Input must precede (collaborative) discussions

This week I reviewed the most recent minutes of a hospital committee charged with initiating and managing clinical quality initiatives. As usual, the minutes documented a substantial amount of conscientious hard work by a very motivated group. However, one item caught my attention: they were sending a draft of quality goals for 2012 to the four Division Chiefs for approval, with a deadline of 9 days later. 

After the quality goals for 2011 had been determined and then announced last year, there had been discussion about the need to open the process to broader participation within the provider community, both to widen the range of options considered and to improve buy-in. As written, the minutes suggested the process had not been changed.

I sent an email to the committee members pointing out that a Senior Management Committee had recently been formed to address a lack of engagement by providers in decision making within the medical center, and asking for clarification: what plans were afoot for involving providers in the selection of provider quality goals for the coming year. I only got two responses from a committee of about 30, reflecting our culture of non-participatory voyeurism: come and watch, but don’t get involved.

The first response, from an administrator, said that provider involvement had already occurred as part of ongoing dialog among the managing providers and Division Chiefs. However, when I checked with two managing providers, both told me that there had been an ‘informational’ mention of the upcoming need to identify next year’s quality goals, but that no discussions had occurred within the group as a whole. Both told me that they anticipated receiving a document to approve at the next meeting. When I checked with my Division Chief, I was told that provider engagement existed at the committee that had forwarded the goals to the Division Chiefs, and that after the core group of about 10 had decided the goals, and after they were finalized, they would be presented to the managing providers for input and feedback. There was no mention of intent to involve the full provider community of about 300.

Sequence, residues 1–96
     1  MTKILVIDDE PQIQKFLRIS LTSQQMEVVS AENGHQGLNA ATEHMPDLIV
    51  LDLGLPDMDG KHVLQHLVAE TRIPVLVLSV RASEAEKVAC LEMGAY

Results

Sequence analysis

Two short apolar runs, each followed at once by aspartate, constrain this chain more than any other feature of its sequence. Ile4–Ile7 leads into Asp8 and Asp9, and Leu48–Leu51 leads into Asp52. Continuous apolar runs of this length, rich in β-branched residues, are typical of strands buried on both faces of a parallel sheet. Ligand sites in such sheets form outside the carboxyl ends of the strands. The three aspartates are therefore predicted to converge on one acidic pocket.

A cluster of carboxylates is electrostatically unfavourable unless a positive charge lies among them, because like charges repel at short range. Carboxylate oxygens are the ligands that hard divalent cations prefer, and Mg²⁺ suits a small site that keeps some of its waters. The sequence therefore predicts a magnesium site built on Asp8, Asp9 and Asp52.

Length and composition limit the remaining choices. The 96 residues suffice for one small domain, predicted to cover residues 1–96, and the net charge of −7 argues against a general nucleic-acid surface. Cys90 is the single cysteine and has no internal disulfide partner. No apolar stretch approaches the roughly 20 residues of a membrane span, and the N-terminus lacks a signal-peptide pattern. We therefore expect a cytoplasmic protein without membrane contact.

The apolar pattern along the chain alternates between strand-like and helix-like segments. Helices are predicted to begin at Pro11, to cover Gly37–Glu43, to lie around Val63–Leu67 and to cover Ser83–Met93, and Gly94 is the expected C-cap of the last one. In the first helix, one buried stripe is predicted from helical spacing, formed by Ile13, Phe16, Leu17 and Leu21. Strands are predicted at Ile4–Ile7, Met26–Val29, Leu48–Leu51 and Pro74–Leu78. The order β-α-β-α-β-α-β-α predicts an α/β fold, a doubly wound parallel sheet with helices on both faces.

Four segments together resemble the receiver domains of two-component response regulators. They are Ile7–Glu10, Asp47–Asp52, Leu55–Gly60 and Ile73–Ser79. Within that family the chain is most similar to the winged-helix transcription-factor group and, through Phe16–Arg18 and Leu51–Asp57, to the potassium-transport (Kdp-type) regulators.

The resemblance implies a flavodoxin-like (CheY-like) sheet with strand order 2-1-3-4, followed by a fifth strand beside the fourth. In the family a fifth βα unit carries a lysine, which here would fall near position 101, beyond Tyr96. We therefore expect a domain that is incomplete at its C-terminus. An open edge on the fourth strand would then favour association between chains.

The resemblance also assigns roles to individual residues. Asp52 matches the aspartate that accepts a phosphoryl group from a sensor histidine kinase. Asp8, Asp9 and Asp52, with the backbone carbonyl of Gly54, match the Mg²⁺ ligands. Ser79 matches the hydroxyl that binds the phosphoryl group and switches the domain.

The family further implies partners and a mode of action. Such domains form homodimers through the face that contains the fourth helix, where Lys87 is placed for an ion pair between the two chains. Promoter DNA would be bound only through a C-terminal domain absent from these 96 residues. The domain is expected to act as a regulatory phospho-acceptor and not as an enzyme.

It was one of those moments reminiscent of a novel by Kafka. My request for an opportunity to  participate in a process that affects me was clearly met - with no trace of irony - with an offer to hear feedback, but only after the process was complete. On the one hand, it is discouraging to see so little senior-level understanding of collaboration, along with an inability to differentiate collaborative action from compliant,  coordinated or cooperative action. On the other hand, it will be a good example of a dis-engaging decision making process for me to bring to the Provider Engagement Committee for discussion.

decision cartoon

 


 

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